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Globalization is often Quoted as the Single Most Contributing Factor to The Poor Working Conditions of Garment Workers

Though mechanization transformed most aspects of human industry by the mid-20th century, garment workers have continued to labor under challenging conditions that demand repetitive manual labor.
Mass-produced clothing is often made in what are considered by some to be sweatshops, typified by long work hours, lack of benefits, and lack of worker representation.
While most examples of such conditions are found in developing countries, clothes made in industrialized nations may also be manufactured similarly, often staffed by undocumented immigrants.
Coalitions of NGOs, designers (Katharine Hamnett, American Apparel,Veja, Quiksilver, eVocal, Edun,...) and campaign groups like the Clean Clothes Campaign (CCC) and the Institute for Global Labour and Human Rights as well as textile and clothing trade unions have sought to improve these conditions as much as possible by sponsoring awareness-raising events, which draw the attention of both the media and the general public to the workers.
Outsourcing production to low wage countries like Bangladesh, China,India and Sri Lanka became possible when the Multi Fibre Agreement(MFA) was abolished.
The MFA, which placed quotas on textiles imports, was deemed a protectionist measure.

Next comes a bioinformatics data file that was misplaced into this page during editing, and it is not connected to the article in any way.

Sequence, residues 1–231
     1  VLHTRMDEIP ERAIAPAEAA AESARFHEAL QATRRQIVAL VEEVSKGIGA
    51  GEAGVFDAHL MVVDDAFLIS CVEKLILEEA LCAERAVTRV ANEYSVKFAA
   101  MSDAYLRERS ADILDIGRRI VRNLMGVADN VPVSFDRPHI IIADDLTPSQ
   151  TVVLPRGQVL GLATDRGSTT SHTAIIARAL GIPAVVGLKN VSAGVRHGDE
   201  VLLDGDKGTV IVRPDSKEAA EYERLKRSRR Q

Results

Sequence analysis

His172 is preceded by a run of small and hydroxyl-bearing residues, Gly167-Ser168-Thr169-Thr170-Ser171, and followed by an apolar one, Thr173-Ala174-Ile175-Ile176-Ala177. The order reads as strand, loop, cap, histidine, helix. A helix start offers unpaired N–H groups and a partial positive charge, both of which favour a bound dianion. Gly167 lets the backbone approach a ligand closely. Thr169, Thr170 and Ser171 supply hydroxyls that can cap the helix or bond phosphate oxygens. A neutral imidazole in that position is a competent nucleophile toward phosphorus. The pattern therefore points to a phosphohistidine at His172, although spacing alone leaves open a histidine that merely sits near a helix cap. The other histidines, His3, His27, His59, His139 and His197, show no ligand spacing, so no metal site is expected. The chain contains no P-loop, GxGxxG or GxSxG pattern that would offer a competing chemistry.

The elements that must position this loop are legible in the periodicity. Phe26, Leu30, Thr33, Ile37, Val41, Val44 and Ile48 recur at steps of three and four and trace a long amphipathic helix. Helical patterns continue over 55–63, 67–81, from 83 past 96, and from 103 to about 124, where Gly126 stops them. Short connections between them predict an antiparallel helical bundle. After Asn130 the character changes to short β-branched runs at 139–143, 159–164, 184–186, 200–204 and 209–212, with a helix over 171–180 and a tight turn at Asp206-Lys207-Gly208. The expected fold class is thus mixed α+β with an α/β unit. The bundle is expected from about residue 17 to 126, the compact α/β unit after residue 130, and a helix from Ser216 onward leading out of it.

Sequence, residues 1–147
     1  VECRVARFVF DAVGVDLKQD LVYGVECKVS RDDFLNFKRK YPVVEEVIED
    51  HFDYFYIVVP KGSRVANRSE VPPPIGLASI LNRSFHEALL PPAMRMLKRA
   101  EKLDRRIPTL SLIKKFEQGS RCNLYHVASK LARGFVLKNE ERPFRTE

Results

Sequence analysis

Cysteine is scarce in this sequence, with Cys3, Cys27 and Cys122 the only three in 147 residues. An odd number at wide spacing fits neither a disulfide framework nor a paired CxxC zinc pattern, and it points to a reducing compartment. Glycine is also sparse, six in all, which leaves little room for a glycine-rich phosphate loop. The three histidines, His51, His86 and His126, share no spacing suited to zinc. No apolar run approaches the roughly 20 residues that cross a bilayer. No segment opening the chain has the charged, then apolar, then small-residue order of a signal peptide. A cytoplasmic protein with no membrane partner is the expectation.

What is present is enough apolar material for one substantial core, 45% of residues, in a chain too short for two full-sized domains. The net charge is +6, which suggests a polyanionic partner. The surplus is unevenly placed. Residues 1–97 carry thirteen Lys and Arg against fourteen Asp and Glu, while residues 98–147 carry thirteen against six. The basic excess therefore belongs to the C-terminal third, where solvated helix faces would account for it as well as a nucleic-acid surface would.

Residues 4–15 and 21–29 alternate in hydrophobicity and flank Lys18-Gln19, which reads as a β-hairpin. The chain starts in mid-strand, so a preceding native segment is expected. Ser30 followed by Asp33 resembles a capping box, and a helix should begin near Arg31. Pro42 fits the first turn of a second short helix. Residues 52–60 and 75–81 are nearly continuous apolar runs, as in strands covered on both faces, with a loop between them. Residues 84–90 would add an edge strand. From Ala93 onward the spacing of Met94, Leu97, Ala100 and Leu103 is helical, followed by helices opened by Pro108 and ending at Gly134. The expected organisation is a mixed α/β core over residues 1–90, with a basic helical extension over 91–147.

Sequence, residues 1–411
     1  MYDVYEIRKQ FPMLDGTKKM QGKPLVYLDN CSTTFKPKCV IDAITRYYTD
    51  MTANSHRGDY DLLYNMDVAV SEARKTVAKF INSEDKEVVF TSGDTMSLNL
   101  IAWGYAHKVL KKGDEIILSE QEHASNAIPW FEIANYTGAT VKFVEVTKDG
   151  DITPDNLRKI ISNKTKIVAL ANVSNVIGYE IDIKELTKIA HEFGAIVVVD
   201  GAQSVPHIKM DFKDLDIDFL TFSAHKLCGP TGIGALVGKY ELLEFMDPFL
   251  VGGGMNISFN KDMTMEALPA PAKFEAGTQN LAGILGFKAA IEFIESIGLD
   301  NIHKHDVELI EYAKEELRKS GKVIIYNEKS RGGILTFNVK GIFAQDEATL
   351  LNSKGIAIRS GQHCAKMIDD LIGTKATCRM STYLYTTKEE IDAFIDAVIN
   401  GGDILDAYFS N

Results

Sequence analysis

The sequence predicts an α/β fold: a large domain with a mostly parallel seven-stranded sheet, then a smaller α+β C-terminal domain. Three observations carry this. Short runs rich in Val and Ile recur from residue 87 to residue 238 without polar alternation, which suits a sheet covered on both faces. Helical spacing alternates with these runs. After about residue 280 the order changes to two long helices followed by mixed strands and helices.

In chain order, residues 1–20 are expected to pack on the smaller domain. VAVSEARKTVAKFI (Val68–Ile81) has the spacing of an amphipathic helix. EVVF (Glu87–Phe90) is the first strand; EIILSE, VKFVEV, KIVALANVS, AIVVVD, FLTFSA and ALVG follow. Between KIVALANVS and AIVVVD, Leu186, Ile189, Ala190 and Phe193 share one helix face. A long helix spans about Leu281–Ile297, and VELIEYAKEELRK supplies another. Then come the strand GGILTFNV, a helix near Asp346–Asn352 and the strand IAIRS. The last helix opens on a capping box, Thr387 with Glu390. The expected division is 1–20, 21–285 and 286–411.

Globalization is often quoted as the single most contributing factor to the poor working conditions of garment workers.
Although many countries recognize treaties like the International Labour Organization, which attempt to set standards for worker safety and rights, many countries have made exceptions to certain parts of the treaties or failed to thoroughly enforce them.
India for example has not ratified sections 87 and 92 of the treaty.
Despite the strong reactions that "sweatshops" evoked among critics of globalization, the production of textiles has functioned as a consistent industry for developing nations providing work and wages, whether construed as exploitative or not, to many thousands of people.
“I suspect that it will continue for a while, I think that what you will be more likely to see is people who are offering a sort of hybrid, sort of like what Walmart does,” Ellickson says.
“I think that sort of hybrid model of having the physical outlets and then being able to return [online items], you’ll see a mix of those things.”

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